NASHVILLE, Tenn. (WTVF) — This week, before some students return to school buildings, the adults who work there are tackling human trafficking.
New state law requires training on the topic for anyone who interacts with students in an academic setting. The law expands the previous requirement. Previously, school employees — like bus drivers, janitors and cafeteria workers — didn't have to take training, and most teachers only watched a video about it.
This August, nonprofit organization Operation Rose is leading multiple workshops in schools around Nashville.
"I think that we know our youth is very vulnerable, and the statistics say at a very young age there could be a trafficker that could get in the minds of a teen, and they could be trafficked, and it's very concerning," said Bobby Young of Operation Rose.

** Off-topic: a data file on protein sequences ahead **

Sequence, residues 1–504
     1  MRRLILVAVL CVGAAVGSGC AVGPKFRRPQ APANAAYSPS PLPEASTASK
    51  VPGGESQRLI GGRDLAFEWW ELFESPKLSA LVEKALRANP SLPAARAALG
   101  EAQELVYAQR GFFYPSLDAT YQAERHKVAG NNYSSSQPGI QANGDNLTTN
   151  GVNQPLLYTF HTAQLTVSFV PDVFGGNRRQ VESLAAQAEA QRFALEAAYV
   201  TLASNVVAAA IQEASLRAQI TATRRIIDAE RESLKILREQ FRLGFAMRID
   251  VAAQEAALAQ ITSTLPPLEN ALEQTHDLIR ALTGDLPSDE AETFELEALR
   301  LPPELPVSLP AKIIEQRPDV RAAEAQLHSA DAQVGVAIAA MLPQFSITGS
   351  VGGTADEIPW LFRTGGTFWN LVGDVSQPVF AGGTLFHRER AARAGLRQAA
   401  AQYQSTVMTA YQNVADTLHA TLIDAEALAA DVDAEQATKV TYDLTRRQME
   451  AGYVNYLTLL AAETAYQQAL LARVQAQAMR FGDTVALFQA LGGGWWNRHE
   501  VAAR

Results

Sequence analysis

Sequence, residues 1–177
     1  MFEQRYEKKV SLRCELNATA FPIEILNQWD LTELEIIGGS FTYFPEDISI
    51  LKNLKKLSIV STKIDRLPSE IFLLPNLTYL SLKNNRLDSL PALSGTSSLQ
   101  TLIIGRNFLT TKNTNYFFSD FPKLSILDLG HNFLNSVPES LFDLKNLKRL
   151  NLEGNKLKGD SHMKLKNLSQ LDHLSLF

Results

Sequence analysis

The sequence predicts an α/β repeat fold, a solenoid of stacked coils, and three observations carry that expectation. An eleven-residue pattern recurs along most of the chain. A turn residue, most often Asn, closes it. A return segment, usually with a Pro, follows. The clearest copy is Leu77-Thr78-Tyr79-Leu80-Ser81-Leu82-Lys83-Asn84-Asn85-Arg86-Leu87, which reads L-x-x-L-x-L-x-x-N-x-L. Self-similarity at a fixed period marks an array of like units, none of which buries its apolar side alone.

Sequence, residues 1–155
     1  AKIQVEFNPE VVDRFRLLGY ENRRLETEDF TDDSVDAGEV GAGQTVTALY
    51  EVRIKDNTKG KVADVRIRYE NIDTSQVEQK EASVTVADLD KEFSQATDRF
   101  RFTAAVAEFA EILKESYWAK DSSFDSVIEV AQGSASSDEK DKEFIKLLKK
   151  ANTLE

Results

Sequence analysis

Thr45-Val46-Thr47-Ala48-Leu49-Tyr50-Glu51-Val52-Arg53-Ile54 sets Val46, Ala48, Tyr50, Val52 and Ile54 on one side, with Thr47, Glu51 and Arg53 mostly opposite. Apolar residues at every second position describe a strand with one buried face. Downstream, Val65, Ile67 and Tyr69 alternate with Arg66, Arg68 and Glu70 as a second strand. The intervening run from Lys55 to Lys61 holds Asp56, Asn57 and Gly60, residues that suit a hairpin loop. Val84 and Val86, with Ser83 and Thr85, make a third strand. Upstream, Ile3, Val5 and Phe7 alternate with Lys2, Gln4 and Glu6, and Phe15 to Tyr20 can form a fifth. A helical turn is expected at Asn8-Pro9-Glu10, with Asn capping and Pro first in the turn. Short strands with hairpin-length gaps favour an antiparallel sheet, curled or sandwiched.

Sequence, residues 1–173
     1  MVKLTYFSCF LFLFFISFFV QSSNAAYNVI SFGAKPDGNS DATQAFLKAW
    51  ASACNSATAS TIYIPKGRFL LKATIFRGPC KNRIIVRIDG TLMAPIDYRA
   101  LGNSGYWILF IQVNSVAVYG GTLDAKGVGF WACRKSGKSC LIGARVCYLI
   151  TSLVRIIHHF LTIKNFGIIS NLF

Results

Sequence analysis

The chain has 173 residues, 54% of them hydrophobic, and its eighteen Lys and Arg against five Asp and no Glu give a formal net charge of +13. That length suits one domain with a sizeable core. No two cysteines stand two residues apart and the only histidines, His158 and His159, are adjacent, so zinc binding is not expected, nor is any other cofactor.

Workshop leaders include former police officers. They teach school employees that Nashville's proximity to three interstates makes it a trafficker's paradise. The city's large number of hotel rooms does too. They also teach about obscure apps like Monkey Run. Predators are on the apps talking to young people.
School employees at Goodpasture Christian School listened to Operation Rose's presentation.
"Our teachers being able to recognize those indicators at our school and with our children, [that] can save one child, and it could be my child. I hope not, but it hits home as a dad," said Jeff Bixenman, the school's director of academics and operations.
The state law requires a 45-minute training to happen every three years.
Operation Rose offers similar training to hotel and motel staff.
On Sept. 16, Operation Rose is hosting a gala. Speakers include a human trafficking survivor, homeland security advisor and congressman. Tickets are available on their website.